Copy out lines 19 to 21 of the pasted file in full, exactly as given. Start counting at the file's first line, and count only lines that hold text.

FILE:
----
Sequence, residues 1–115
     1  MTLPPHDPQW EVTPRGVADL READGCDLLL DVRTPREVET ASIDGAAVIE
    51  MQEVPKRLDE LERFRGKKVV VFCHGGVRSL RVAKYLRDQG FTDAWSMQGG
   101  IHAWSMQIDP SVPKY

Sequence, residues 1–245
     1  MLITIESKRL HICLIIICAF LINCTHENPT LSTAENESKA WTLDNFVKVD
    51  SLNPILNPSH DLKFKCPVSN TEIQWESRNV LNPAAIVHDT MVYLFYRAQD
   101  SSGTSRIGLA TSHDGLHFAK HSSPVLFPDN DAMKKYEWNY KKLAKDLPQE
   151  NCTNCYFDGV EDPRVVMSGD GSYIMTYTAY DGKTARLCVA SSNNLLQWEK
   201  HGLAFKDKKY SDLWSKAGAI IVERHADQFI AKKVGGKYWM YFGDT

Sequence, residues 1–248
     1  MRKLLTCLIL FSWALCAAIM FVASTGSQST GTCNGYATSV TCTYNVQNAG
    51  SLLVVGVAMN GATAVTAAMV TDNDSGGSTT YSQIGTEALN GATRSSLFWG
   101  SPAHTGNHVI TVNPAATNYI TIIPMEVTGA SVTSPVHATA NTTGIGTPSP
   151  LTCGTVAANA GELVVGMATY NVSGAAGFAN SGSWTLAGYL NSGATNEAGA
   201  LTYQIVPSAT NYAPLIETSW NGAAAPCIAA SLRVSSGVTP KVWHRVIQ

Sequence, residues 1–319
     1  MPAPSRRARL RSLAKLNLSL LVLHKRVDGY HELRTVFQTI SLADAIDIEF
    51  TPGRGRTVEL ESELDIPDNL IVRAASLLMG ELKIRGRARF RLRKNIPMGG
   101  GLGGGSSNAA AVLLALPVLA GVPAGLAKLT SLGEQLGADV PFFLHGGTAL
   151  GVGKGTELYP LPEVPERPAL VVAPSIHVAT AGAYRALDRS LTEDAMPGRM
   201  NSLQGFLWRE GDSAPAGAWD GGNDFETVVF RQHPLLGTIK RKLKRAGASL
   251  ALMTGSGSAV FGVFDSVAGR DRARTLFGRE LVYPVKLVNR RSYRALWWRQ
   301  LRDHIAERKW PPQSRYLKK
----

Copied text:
    51  TPGRGRTVEL ESELDIPDNL IVRAASLLMG ELKIRGRARF RLRKNIPMGG
   101  GLGGGSSNAA AVLLALPVLA GVPAGLAKLT SLGEQLGADV PFFLHGGTAL
   151  GVGKGTELYP LPEVPERPAL VVAPSIHVAT AGAYRALDRS LTEDAMPGRM